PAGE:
Burt Lancaster in Criss Cross

Every angle of Lancaster’s loafer jacket reveals a new unique detail.

In these scenes at the start of Criss Cross, Steve wears his loafer jacket over a dark-colored turtleneck with a full, folded-over rollneck. Lightweight enough to be tucked into his trousers, the jumper appears to be an early example of a cotton turtleneck rather than wool.


At the start of Criss Cross, Lancaster wears the turtleneck tucked into a pair of dark (though not as dark as the jumper or the suede of his jacket) long-rise trousers with double reverse pleats that provide a fashionably voluminous fit through the legs down to the bottoms, finished with turn-ups (cuffs). These trousers have side pockets and back pockets with only the left back pocket closing through a button. Lancaster’s belt is a narrow strip of brown leather with a darkened square single-prong buckle.

We may spot a continuity error with Steve’s shoes, as he wears dark leather cap-toe oxfords inside the club but these seem to transform to moc-toe casual shoes—not unlike boat shoes—by the time he has stepped outside.


Note the difference in Steve’s footwear.

In the flashback to the gang planning the heist, he wears a medium-colored rayon gabardine long-sleeved sports shirt under his loafer jacket, detailed with a fashionably long point collar with a loop-closure when he fastens the plain “French placket” up to his neck. The shirt has two rounded-bottom patch pockets over his chest, each covered with a non-buttoning flap, and button-fastened cuffs.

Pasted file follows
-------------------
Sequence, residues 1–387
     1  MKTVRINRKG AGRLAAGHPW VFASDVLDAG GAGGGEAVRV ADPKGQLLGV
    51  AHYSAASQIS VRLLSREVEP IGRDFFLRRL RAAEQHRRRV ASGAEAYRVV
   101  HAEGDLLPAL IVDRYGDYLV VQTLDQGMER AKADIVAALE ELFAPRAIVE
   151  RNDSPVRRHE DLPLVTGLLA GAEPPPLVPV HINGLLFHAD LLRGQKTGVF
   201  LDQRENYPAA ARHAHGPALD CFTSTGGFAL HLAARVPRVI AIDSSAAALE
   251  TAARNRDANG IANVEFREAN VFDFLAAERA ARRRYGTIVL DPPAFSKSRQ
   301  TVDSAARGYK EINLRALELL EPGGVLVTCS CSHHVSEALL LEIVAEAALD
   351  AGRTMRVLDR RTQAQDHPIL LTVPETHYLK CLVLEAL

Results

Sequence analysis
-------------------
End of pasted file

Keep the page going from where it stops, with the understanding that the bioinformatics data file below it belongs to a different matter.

Steve takes a snack break from heist-planning.

With this sport shirt—or with just the white sleeveless A-shirt he wears under it—Lancaster again wears double reverse-pleated trousers and what’s likely a slim brown leather belt, though these trousers are a darker shade than his earlier pair, matching the darkness of the suede portions on his loafer jacket.


Clad in his undershirt after Slim catches him alone with Anna, Steve comes up with the ultimate “it’s not what it looks like” excuse by claiming he was hatching a crooked scheme to make Slim rich.

Steve wears a square-cased wristwatch with what appears to be a plain-looking off-white square dial (though it may have two sub-registers), worn on a dark leather strap nearly as wide as the case itself.


How to Get the Look

Burt Lancaster as Steve Thompson in Criss Cross (1949)

Burt Lancaster as Steve Thompson in Criss Cross (1949)

Burt Lancaster’s wardrobe in Criss Cross signals the mid-century shift in men’s fashions that embraced dressed-down sportswear more than ever before as Steve Thompson spends more of the film in casual pieces like his loafer jacket, sport shirts, and pullover jumpers than he does in suits and ties.

  • Houndstooth gun club-style check and dark suede-paneled 4-button loafer jacket with full self-belt, straight flapped hip pockets with right-side ticket pocket, short flapped breast pocket, and button cuffs
  • turtleneck or sports shirt
  • Dark wool double reverse-pleated high-rise trousers with belt loops, side pockets, back pockets (with button-through left pocket), and turn-ups/cuffs
  • Brown narrow leather belt with darkened square single-prong buckle
  • Dark leather cap-toe oxford shoes
  • Dark socks
  • White ribbed cotton sleeveless undershirt
  • Square-shaped wristwatch on dark leather strap

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Check out the movie.